This week's E-Business Secrets continues my report on the secrets I learned from my private conversations with speakers at the Global eSubscription Symposium, sponsored by the Sandlot Corporation in Salt Lake City on May 15.
Undoubtedly the largest pure-play Internet e-business represented at the Global eSubscription Symposium in Salt Lake City last month was Classmates.com. It's almost impossible to surf the Web for long without seeing at least one ad for the service, which helps members make contact with former schoolmates as well as people who've worked for the same company or served in the same branch of the military.
In an interview at his headquarters in Renton, Wash., (a suburb of Seattle), Classmates' CEO Michael Schutzler said the e-business currently has 29.1 million free enrollees who've typed in their contact information. Of those, 1.575 million pay to subscribe to some level of service, which typically enables them to initiate contact with other subscribers.
Schutzler says Classmates spent $25 million on advertising in calendar year 2001 to achieve such a high number of registrations. This ad budget means Classmates delivers ad impressions to 7 million persons online each month.
Classmates hasn't found that any advertising medium other than online has worked. "The experience we had with offline advertising is that it doesn't convert well," Schutzler says. "If you're reading a magazine, you're not at your terminal. The same if you're watching TV or listening to the radio." He says people are much more likely to register at Classmates.com if they're already surfing the Internet and then click an online ad that takes them to the site.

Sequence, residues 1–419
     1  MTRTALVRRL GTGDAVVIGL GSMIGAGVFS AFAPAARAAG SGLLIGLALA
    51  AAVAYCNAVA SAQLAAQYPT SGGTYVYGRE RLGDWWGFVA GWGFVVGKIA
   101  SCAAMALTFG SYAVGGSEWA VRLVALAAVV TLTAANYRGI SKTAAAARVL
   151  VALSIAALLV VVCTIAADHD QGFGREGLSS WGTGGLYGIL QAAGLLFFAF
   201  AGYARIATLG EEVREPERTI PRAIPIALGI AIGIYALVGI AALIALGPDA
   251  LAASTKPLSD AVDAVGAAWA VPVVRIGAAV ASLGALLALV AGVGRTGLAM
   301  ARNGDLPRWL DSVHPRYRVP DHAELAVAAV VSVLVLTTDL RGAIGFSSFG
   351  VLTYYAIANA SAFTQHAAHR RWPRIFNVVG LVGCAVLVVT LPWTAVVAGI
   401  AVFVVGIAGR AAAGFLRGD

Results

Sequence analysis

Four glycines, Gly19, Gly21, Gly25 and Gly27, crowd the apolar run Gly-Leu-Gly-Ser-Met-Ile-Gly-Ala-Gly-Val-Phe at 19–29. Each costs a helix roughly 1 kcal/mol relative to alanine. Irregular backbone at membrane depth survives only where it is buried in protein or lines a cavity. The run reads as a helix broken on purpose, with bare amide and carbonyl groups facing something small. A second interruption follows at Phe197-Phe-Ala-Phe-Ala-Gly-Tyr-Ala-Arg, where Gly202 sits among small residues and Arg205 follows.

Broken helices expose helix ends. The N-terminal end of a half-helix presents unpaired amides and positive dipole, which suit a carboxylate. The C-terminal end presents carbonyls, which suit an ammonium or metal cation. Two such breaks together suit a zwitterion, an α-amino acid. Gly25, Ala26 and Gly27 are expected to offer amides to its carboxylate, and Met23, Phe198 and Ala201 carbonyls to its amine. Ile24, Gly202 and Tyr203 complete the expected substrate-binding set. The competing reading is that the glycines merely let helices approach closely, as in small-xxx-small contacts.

Graphical buttons tend not to work well to attract people, Schutzler says, although the new, larger ad sizes can work. "Again and again," he says, "contextually relevant text links work the best." Classmates.com currently advertises, among other places, at Yahoo Search and at Switchboard.com, where users often browse when attempting to locate aspecific person.
The company's goal is to grow from today's 29.1 million registrants to 100 million by 2005, 10 percent of whom would be paying some amount to subscribe. In addition, Schutzler says, "40 percent of our gold [paying] members buy something else from us." He says 15 percent of Classmates' revenue already derives from its partners in areas such as travel, dating, and dieting.
Classmates has been profitable since October 2001, the company says. It is currently adding 1.5 million free registrants and 150,000 paid subscribers per month. So I'd say the company will have enough money on hand to show you a few more ads in the coming years. Not that that's a BAD thing...